Howard Bashman offers these further thoughts about the issue of pseudonymous litigation and the sex tape case I blogged about earlier today : In terms of assessing blame, however, in my view it is the attorney for the pseudonymous party who bears the responsibility to ensure that the appellate briefs posted online — and surely the Seventh Circuit’s […]
Posts about Confidentiality by Professor Daniel J. Solove for his blog at TeachPrivacy, a privacy awareness and security training company.
Is Anonymous Blogging Possible?
Howard Bashman at How Appealing muses whether anonymous blogging is really possible: These days, however, most users of the internet understand that every bit of information communicated electronically leaves electronic fingerprints that can be used to trace the source of the information, even if the source hoped to remain anonymous. To be sure, there are ways […]
Journalist Privilege and Law Enforcement Leaks
In a very interesting case, U.S. District Court Judge Rosemary Collyer recently held a Washington Post reporter in contempt of court for not revealing the source of a leak in the investigation of Wen Ho Lee. [Click here for the court’s opinion.] The case involves a civil suit by Lee against a number of federal agencies for […]
Does Anything Really Disappear from the Internet?
I just posted about the Wayback Machine and that got me wondering whether anything really disappears from the Internet when it is deleted. Certainly, a ton gets archived in the Wayback Machine as well as in Google cache and in RSS readers. Of course, if something appears on the Internet, somebody could see it and copy it […]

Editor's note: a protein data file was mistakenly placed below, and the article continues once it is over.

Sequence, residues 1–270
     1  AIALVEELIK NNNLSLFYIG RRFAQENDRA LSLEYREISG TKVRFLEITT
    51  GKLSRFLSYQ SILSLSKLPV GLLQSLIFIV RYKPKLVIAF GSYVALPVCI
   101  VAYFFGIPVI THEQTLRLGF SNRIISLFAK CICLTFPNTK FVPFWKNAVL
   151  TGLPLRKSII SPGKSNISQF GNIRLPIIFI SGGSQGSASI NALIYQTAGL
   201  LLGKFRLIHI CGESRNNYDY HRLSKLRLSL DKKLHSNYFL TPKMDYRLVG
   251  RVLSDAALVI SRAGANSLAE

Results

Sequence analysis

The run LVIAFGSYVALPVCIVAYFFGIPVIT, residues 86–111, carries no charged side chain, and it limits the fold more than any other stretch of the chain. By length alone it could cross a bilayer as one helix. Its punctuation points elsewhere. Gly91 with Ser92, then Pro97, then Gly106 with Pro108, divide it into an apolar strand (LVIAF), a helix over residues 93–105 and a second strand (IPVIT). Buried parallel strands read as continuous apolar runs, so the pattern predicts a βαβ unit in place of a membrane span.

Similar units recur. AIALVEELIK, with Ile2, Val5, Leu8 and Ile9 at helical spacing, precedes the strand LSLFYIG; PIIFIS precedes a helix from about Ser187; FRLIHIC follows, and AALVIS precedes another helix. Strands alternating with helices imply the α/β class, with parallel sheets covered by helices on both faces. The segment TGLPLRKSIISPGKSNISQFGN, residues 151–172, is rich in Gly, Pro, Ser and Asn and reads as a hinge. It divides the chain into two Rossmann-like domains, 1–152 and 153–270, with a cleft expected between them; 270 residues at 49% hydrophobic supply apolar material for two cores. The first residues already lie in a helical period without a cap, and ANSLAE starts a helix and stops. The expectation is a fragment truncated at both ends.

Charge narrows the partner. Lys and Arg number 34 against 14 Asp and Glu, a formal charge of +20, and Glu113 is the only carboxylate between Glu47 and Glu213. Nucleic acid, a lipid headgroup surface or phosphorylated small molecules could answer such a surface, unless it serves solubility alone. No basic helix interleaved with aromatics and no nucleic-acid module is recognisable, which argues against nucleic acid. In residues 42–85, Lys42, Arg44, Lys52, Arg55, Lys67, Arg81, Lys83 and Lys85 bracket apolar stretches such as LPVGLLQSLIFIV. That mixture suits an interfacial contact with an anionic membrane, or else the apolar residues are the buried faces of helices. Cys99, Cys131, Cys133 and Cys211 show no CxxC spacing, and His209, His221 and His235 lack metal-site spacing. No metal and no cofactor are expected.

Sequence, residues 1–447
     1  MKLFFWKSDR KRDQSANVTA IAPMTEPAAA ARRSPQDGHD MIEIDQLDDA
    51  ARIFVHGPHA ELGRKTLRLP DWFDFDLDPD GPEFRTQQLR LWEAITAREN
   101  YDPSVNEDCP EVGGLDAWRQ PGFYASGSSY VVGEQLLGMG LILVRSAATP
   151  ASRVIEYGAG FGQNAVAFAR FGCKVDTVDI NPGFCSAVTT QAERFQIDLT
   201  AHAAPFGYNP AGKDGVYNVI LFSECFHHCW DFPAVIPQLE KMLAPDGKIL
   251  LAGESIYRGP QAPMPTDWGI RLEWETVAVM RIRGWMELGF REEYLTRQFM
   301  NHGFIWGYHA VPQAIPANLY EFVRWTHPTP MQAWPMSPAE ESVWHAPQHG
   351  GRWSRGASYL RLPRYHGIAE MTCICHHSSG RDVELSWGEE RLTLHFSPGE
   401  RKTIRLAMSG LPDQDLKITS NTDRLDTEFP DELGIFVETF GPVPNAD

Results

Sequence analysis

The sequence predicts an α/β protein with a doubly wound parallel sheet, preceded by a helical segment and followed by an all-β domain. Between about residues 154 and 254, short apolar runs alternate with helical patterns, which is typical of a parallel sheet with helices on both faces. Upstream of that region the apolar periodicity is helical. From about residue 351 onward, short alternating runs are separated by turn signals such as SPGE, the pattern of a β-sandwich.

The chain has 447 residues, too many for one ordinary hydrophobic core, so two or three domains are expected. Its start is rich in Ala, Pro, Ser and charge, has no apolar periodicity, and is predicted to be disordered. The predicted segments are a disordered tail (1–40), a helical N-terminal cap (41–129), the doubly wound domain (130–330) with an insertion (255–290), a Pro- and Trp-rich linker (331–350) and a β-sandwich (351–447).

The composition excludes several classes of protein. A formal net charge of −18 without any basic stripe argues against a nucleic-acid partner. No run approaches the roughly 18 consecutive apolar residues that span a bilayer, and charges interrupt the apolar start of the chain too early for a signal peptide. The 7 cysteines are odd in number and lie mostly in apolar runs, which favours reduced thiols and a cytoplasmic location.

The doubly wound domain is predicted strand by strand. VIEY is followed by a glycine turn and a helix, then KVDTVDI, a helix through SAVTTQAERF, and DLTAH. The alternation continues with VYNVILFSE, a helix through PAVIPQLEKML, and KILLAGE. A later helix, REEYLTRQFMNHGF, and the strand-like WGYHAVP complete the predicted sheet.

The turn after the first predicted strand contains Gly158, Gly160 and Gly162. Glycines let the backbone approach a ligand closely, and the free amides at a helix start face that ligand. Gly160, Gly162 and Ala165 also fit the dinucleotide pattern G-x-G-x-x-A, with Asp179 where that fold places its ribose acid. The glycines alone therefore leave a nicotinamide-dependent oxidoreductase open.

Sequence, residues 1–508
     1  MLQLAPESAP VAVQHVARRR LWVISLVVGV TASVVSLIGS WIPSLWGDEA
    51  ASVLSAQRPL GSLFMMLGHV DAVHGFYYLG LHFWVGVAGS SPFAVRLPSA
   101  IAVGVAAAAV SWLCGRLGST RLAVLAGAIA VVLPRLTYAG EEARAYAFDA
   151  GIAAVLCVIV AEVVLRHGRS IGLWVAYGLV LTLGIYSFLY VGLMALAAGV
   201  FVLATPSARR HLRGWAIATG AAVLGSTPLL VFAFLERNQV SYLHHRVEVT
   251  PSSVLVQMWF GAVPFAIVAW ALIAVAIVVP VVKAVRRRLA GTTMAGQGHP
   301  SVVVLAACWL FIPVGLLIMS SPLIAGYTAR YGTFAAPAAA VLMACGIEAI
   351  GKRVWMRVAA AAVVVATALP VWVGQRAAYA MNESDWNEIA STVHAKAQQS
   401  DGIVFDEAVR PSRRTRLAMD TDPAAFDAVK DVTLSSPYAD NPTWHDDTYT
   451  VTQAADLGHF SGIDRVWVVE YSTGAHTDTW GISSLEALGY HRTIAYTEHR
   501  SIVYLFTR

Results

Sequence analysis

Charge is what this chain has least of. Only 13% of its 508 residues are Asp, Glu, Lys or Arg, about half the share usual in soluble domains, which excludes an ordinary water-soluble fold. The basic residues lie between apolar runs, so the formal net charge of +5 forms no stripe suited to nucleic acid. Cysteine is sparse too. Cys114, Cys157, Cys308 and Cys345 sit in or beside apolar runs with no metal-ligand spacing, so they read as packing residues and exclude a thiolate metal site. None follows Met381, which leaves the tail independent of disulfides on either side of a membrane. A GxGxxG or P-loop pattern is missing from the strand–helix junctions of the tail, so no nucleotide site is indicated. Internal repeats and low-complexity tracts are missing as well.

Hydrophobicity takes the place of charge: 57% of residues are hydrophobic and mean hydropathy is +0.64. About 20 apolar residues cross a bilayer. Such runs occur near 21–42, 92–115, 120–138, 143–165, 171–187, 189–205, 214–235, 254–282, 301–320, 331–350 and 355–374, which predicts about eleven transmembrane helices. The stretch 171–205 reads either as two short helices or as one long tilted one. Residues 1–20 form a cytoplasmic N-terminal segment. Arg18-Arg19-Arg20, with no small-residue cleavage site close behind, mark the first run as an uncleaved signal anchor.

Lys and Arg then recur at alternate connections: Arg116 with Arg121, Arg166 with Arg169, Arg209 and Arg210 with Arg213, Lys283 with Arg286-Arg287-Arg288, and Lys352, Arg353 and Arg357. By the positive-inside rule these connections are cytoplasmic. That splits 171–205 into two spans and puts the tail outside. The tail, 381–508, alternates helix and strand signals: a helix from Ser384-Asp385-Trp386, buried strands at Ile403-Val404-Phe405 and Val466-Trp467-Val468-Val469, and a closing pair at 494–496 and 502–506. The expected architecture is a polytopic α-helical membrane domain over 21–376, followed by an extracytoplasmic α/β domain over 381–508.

What’s On the Net Stays on the Net: Thoughts on the Wayback Machine
Steve Vladeck (law, Miami) visiting at PrawfsBlawg tells an interesting anecdote about the Internet Archive, otherwise known as the “Wayback Machine.” Steve writes about a student who discovered his childhood pictures:
The Mysterious Disappearance Article III Groupie
Having unmasked himself as Article III Groupie, David Lat has disappeared. We haven’t heard a word from him. His blog is now offline. Why? What’s become of David? Will his blog be back?
IBM vs. NBA: Using Employee Genetic Information
This week, IBM announced that it would not use genetic information in making any employment decision: On October 10, IBM Chairman Sam Palmisano signed a revision of the company’s equal opportunity policy specifying that IBM would not “use genetic information in its employment decisions.” In doing so, Big Blue became the first major corporation to proactively take […]
Should We All Be in the National DNA Database?
The Senate recently voted to reauthorize the Violence Against Women Act. But nestled in the Act was an amendment by Senator Jon Kyl (R-Arizona) to add arrestee information to the national DNA database. The national DNA database, which is run by the FBI, is called the Combined DNA Index System (“CODIS”), and it includes DNA from over two […]
Journalist Privilege and the Valerie Plame Case
Almost lost amid the Supreme Court fireworks last week was its decision to deny certiorari on a challenge by two reporters to a grand jury subpoena for the identity of White House sources. The imbroglio began back in 2003, when former Ambassador Joseph Wilson disputed White House claims about weapons of mass destruction in Iraq. […]